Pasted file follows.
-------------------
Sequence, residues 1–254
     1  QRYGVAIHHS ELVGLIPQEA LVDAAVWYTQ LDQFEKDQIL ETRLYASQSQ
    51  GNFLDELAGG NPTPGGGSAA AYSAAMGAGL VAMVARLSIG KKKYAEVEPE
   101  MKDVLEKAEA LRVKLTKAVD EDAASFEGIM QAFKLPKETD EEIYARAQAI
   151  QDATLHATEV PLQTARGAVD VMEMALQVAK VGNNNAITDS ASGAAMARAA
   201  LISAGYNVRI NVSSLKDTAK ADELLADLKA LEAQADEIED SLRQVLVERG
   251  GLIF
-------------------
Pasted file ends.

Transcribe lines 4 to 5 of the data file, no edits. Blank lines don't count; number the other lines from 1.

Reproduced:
   101  MKDVLEKAEA LRVKLTKAVD EDAASFEGIM QAFKLPKETD EEIYARAQAI
   151  QDATLHATEV PLQTARGAVD VMEMALQVAK VGNNNAITDS ASGAAMARAA